The burgeoning US prison population is having deleterious economic as well as social consequences and is rapidly becoming fiscally unsustainable. As a result, reforms that reduce the incarceration rate are inevitable, according to Oxford Analytica.
- The US accounts for approximately 25% of the global prison population, despite possessing less than 5% of the world’s population.
- There are 2.3-2.5 million prisoners in the US — one in every hundred adults is now in jail.
- The US incarcerates 751 per 100,000 members of the population, compared with 63 in Japan, 88 in Germany and 151 in the UK.
- Russia comes closer to the US figure, with a count of 627 per 100,000.
- The current US figure is also a major departure from the country’s historic incarceration rate; between 1925-75 only 110 per 100,000 US citizens faced imprisonment.
OxAn runs through the factors behind these startling figures, including the war on drugs, the “three strikes” rule and welfare policy reforms.
Unsurprisingly, many former felons fail properly to reintegrate into society following release. Prison rarely provides the kind of rehabilitation and job training necessary for labour market success — a weakness of prisons in most societies but a chronic one in the US.
Collapsing housing prices have hit state budgets particularly hard, which will make it difficult — if not impossible — to expand the prison system at the current rate, OxAn says.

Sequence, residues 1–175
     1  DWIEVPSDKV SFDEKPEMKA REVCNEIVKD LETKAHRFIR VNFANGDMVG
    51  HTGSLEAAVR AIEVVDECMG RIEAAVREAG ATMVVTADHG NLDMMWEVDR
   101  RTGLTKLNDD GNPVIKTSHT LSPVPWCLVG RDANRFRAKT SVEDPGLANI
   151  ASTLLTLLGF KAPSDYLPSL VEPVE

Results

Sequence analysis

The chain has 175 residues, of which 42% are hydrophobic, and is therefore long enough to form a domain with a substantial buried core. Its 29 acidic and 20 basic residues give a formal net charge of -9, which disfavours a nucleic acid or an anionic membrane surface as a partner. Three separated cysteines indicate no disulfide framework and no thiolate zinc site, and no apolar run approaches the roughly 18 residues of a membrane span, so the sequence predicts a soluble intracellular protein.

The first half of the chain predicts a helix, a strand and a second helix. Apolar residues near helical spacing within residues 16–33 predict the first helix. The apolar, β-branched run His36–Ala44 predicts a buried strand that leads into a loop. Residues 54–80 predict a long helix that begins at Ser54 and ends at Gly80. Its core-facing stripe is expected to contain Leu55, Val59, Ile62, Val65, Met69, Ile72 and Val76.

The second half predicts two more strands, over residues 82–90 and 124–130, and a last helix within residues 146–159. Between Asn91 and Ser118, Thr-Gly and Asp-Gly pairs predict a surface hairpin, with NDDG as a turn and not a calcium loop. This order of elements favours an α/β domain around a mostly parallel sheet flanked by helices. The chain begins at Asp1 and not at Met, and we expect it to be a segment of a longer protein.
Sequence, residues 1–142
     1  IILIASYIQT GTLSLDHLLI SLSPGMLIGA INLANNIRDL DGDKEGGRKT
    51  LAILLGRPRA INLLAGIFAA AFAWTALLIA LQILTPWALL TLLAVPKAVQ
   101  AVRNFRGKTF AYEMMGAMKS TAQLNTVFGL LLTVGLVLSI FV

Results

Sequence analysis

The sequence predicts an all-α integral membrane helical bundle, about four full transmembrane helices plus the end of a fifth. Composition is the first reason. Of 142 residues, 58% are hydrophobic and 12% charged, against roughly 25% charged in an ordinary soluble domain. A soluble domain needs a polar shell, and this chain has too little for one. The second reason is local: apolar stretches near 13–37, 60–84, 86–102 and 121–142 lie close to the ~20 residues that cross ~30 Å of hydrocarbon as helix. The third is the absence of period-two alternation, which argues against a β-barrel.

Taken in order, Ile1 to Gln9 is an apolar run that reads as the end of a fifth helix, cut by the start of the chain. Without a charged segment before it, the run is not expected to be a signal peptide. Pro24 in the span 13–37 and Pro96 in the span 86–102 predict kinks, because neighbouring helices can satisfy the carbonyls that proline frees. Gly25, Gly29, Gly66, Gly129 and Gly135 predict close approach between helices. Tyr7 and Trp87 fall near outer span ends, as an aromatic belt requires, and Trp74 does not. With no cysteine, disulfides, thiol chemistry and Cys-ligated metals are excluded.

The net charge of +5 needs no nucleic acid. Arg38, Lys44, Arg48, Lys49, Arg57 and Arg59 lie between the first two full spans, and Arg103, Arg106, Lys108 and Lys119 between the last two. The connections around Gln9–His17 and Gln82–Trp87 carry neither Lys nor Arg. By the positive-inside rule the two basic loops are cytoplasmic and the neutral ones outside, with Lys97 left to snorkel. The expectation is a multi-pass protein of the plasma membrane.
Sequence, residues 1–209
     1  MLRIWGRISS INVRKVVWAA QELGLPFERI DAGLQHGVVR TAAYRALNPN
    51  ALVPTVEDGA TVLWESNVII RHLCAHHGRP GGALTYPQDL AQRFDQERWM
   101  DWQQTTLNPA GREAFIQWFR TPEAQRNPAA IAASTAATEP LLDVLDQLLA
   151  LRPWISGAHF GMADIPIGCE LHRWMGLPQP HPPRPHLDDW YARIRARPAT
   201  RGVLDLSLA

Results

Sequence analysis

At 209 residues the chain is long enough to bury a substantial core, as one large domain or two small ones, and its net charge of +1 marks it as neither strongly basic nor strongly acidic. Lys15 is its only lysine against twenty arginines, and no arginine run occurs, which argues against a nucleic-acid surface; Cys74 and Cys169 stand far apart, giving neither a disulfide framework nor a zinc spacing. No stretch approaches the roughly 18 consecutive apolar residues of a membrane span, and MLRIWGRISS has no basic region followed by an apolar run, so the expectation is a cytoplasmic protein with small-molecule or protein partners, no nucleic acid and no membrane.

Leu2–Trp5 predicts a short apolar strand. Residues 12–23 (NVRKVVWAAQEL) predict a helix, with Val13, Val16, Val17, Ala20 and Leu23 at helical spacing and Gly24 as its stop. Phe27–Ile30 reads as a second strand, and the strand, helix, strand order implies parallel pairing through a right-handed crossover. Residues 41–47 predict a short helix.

The unaddressed problems with the current harsh incarceration policy — particularly its effect on the country’s political economy, deprivation of the franchise from a very large number of ex-prisoners, and lack of preparation it affords parolees for the job market — have begun to attract political attention.
Current US prison policy has many deleterious economic and social effects, and is fiscally unsustainable. Despite the resistance of entrenched interests and political lobby groups, reform — principally in the form of a reduced rate of incarceration for non-violent offenders — is inevitable.
Avondale Partners in April noted that
with budgets still constrained at the federal, state and local government levels, it is not palatable to cut funding for healthcare, education, etc. to build a prison. With the aggregate domestic jail and prison population of 2.1 million individuals growing in excess of 2% annually, however, incremental beds are needed.
The private prison sector is in an excellent position to step in and meet this need. With only 7.2% of domestic prison beds currently privatized, a small increase (1%-2%) in penetration could drive meaningful growth for the sector. CCA, with a 50% share of this market, should benefit disproportionately given its facility ownership model.
Avondale rates CCA Market Outperform with a price target of $35. Lehman Brothers in February reiterated its Overweight rating with a price target of $34, based on CCA’s expansion plans. CCA is trading at around $27.